If I’m right, would you trade a Payton, Everett, or Guillen for a lefthanded Pelfrey — who actually has had more success than Pelfrey and has an offspeed pitch?
If I’m wrong … well … the good thing is that at least one Sheffield-type bat is available every winter via free agency.
2-3: you are right. just as there are 50 rumors for every one consumated, so it is with deals. I suspect Omar does not want to part with his OFers so easily if he has doubts about the targets. I think the Oswalt deal was a no brainer but drayton balked…(then locked Oswalt up). I remember terry Long in ’99 as a similar player, also jermaine dye who the raves gave up because they had andruw jones…but in my (lowly) view I think millz is a good player to keep, and then simply sign a FA to fill needs.
Omar has used the dodgers mold to offset his loss of 1st rnder by signing international FA. i noted a brief on another farmhand onn metsblog yesterday i knew nothing about previously.
Anyway: part of the blog mentality is to discuss. agreed especially in the Omar era most of our discussions amt to nothing.
Omar has Millz, carlos gomez and F-Mart (and caleb stewart). I dont think omar has to part with millz.
The point F-mart could go the way of Alex Escobar has been discussed, as such you can hold your cards too long. (But i’d love to see alex invited back to compete in spring training).
Millz is the closest to big-league ready, and the “surest” thing among he, F-Mart, and Gomez. I don’t see either of Gomez or F-Mart being the centerpiece of a deal to bring back an MLB-ready pitcher. Of course, I could be wrong.
If it’s Santana you’re referring to, the answer is an acdaemic yes. However, I believe you’re referring to Lowry, and then the answer becomes a bit more complicated. I agree with your accessment that Milledge will peak at an Everett/Guillen level…somewhere around 20-25 HR, 80-90 RBI, .270-.280 AVG. That’s not bad production, but again we’re talking about what he’ll POTENTIALLY peak at, and there are no guarentees he’ll maintain that success once he acheives it. Is it worth trading that type of player for a lefthanded Mike Pelfrey? Well, I think that depends on…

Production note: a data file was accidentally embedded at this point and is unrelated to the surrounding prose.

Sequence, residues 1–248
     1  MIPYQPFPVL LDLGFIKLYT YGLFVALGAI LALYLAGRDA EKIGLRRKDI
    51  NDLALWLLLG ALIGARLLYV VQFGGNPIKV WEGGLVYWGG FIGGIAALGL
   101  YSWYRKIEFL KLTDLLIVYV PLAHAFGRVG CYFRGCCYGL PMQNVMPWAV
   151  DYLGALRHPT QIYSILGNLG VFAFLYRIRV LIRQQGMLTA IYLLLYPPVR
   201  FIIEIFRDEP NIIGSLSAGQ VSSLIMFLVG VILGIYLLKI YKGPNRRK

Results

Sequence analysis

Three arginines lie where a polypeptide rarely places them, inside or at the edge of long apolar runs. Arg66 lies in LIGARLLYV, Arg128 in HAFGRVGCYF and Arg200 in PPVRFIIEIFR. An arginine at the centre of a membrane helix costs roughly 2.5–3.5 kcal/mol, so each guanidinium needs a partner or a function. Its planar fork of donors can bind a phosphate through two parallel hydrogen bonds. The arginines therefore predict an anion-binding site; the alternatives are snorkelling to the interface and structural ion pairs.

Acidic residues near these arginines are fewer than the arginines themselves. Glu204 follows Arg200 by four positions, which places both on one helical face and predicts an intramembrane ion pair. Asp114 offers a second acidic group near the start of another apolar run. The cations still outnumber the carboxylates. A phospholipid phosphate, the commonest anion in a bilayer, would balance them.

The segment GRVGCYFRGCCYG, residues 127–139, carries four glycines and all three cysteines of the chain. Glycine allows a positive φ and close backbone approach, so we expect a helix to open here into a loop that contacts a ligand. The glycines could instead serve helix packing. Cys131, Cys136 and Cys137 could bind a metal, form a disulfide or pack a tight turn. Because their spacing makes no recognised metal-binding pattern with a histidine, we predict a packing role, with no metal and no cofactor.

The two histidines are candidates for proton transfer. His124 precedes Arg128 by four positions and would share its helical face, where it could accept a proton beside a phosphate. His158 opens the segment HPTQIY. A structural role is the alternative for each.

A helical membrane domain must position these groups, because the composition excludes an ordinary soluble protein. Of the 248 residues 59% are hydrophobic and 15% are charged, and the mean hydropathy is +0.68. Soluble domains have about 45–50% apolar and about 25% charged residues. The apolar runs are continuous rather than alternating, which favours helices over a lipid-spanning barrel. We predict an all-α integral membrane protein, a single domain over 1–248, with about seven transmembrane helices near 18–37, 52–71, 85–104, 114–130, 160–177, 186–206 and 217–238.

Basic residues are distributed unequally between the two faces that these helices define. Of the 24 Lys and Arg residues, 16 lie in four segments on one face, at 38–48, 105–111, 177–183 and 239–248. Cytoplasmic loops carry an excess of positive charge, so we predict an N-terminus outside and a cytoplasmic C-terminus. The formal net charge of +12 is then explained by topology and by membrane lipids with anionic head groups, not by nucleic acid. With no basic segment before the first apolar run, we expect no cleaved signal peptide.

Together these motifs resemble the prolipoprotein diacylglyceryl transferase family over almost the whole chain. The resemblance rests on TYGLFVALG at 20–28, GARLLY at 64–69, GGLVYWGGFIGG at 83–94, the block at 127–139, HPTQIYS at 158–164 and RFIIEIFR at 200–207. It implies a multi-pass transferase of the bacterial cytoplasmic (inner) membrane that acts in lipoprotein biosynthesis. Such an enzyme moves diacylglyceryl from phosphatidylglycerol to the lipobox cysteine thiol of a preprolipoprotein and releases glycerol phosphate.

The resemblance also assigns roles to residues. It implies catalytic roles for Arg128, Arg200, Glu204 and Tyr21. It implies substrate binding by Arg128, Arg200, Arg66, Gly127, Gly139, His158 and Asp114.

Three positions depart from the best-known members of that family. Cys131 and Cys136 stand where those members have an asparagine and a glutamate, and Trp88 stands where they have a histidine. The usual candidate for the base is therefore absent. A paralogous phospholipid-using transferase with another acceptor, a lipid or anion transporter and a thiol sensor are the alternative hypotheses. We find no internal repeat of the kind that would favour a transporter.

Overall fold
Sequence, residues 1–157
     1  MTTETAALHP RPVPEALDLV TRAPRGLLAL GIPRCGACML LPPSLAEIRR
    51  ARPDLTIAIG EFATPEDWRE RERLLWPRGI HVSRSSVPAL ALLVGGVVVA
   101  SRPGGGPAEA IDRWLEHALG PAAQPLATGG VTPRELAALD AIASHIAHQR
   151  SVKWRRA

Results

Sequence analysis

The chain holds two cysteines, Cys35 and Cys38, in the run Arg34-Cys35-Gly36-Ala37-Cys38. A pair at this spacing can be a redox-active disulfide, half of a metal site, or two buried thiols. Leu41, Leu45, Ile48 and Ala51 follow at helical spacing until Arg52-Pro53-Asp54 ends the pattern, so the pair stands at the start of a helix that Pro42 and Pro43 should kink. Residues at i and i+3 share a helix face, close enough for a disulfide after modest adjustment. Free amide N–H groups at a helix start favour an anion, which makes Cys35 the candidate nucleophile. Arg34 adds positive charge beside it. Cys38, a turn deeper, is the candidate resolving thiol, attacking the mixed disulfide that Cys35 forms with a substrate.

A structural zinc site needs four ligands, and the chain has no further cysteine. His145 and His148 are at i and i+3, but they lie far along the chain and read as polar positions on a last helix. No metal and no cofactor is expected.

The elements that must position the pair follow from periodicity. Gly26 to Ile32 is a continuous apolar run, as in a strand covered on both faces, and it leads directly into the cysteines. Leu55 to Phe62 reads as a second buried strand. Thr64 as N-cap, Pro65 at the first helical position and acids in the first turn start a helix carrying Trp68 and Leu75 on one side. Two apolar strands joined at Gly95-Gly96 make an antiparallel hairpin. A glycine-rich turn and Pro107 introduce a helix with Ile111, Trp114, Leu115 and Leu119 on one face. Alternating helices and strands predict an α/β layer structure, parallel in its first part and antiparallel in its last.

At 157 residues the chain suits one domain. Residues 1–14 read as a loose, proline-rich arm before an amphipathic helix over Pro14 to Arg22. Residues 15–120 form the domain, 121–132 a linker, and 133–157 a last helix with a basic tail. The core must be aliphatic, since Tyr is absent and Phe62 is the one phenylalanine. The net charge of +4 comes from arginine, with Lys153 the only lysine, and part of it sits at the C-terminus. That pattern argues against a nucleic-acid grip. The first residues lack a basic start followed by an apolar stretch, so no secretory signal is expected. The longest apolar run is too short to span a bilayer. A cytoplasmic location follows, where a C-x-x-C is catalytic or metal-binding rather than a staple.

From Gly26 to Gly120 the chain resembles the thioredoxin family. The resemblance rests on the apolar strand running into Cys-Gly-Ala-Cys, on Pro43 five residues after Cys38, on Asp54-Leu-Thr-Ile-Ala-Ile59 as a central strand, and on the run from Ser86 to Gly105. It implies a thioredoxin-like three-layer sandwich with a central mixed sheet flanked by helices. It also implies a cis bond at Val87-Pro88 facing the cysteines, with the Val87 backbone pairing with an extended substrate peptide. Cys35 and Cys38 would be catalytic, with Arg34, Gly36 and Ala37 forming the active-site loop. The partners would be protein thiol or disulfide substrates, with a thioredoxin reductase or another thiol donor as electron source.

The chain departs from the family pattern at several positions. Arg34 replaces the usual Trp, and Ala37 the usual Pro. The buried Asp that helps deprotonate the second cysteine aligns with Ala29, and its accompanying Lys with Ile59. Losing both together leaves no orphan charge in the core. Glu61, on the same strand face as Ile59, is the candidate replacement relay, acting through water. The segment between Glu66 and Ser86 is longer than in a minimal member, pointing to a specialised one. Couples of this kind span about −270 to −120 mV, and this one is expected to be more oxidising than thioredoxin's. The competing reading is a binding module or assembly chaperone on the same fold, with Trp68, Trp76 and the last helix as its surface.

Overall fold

– do you have a backup plan in RF?
– are you really that hard-up for pitching?
Lets’ just say, for the sake of this argument, yes on both accounts. Noah Lowry won a very impressive 14 games playing on a lousy team this past season, but I’m not sold that automatically makes him a good pitcher or a long-term bet. Like you’ve been saying for weeks now, the Mets need innings-eaters in the rotation. However, since joining the Giants rotation full time in 2005, Lowry has thrown over 160 innings just once. In the meantime, his WHIP has steadily increased each year he’s been in the bigs, and stood at a hefty 1.55 at the end of 2007. Don’t ask me how he kept his ERA under 4 with that statistic, but I’d be willing to bet he won’t be able to duplicate that feat in any of his consequent seasons. It also kind of scares me too that his career ERA is a point and a half higher on the road than at PacBell (which is known as perhaps the best pitchers ballpark in baseball). And again, I’m just reminded too much of another left-hander who enjoyed success at a young age despite a high WHIP with the Giants and was subsequently acquired by the Mets only to completely fall off the map. Luckily, we only gave up Shinjo and Relaford for him, so if we can find a way only to give up Anderson Hernandez and Ben Johnson for Lowry, I’d be for it. But for a guy with as much potential as Milledge, I’d take my finger off the trigger. That’s not to say I’m against trading Milledge…I just think we could net something better in return.
To me Lowry is at best a lefthanded Steve Trachsel — he miraculously wins 14 or 15 games one season, and has a job for the rest of his career despite mediocre stuff and records of 12-12, 10-13 year in and year out.
That said I agree with you — no Milledge for Lowry.
But Sanchez? Yes.